Over the past few months I’ve been doing a rewatch of my all time favorite show IN THE WORLD. The West Wing (about the personal and political lives of a group of White House elite) first aired in 1999, and a few years later I began watching it on Wednesday nights with my dad. Bravo also used to play reruns of it for about 75% of the week, including late at night when I was supposed to be asleep. Even after I stopped sneaking out of bed to watch it, I would still hear Kelly leaving her room about half an hour after we were supposedly asleep, checking to make sure I hadn’t gotten up without her.
Suffice to say, The West Wing was pretty formative for me. It’s how I passed the AP Government exam. I drop West Wing quotes the way Kelly drops song lyrics – casually and abundantly. And for a long time, it was where I found my career goals. This was not uncommon in my age group. Vanity Fair did a whole story on it.
When I was little, I went through all the regular aspirations kids go through – teacher, marine biologist, astronaut. But from about seventh grade on, I wanted my life to look like The West Wing. I studied international relations. I wanted to advise the president. I wanted 18-hour days, and heavy conversations. I wanted to fight the good fight.
This doesn’t exactly explain how I ended up with a Masters degree in English Lit, living in Boston and working in a children’s book/toy store, but fourth year of college, I loaded a bunch of lit classes into my schedule. After I graduated, I started temping and ended up with an office job. Bored and infinitely restless, I applied to PhD programs and instead ended up in a partially funded Masters program at Boston College.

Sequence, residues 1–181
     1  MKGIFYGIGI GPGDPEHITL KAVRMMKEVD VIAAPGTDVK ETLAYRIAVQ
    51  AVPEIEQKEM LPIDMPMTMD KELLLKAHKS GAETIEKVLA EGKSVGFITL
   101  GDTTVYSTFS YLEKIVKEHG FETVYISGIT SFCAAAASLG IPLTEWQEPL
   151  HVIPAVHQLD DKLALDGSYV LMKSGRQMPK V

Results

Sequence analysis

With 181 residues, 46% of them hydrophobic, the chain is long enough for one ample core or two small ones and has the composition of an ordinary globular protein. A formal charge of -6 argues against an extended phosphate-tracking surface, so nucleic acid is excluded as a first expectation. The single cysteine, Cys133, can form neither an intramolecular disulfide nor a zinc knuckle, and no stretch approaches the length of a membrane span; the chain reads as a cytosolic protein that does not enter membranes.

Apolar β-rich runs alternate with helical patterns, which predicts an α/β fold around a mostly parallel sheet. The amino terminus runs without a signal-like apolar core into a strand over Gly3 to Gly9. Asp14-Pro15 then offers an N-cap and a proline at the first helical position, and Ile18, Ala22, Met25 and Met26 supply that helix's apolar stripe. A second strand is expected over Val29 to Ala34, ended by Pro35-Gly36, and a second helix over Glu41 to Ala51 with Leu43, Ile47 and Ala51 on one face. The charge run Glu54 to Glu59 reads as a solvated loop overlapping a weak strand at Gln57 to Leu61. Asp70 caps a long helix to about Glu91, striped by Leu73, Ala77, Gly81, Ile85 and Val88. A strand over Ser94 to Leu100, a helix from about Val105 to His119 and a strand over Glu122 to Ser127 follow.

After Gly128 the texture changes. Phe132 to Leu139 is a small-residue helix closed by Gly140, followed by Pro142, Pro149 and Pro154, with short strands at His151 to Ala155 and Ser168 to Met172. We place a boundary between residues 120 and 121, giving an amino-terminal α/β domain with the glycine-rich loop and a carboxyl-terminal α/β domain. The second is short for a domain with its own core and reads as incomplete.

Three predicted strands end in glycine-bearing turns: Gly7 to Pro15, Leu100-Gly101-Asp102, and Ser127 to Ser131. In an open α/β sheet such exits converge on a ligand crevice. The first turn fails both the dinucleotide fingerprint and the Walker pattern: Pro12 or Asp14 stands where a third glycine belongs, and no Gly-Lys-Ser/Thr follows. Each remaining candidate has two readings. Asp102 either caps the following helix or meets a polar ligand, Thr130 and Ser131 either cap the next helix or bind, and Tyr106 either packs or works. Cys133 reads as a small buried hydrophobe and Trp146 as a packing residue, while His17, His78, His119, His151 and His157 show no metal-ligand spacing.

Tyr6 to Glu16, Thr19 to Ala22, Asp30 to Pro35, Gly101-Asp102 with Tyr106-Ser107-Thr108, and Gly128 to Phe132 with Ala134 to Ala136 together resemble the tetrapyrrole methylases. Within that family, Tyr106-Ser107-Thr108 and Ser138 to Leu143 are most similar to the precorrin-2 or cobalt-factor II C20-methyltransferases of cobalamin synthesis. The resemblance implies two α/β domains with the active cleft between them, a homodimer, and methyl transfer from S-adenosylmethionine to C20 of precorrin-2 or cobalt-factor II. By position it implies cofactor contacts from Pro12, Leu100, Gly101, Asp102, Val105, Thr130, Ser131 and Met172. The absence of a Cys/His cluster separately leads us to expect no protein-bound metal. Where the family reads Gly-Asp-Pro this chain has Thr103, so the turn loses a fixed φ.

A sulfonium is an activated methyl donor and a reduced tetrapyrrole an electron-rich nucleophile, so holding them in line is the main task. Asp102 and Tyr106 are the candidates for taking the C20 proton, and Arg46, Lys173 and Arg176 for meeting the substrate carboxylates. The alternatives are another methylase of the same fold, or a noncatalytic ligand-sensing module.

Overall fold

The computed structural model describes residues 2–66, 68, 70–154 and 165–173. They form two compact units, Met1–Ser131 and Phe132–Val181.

I had a lot of reasons for changing direction. Some were good, some were really stupid, some of them even still stand. Much of it was fear. But I don’t necessarily regret it. I’ve met some phenomenal people in Boston, read some incredible books. Become a much better writer.
I spent a lot of time thinking about this shift as the right choice, but really, it wasn’t good or bad, right or wrong. It was a choice I made, and through it I lost some things and gained some others. I like what I’ve gained, and I miss what I lost.
The West Wing keeps me up for all the usual reasons. Right now it’s keeping me up because I haven’t actually watched season 5 since it aired. But The West Wing also reminds me how powerful stories are. It’s a vicious contradiction, because all at once it validates and makes me question my life choices. And now, as I once again float around in the post-graduation haze of no fucking clue what I want out of my life, may not be the best time to do a rewatch. But maybe it is. Maybe it reminds me that there is more than one way to get what you want out of your life. Or that its possible to make changes in the world from wherever you stand. Or that you have to keep going, even when the show gets bad – uhhh, I mean when the going gets tough.
Or maybe it’ll just remind me to read the newspaper. I’ll let you know tonight, when I’m still thinking about it at three in the morning.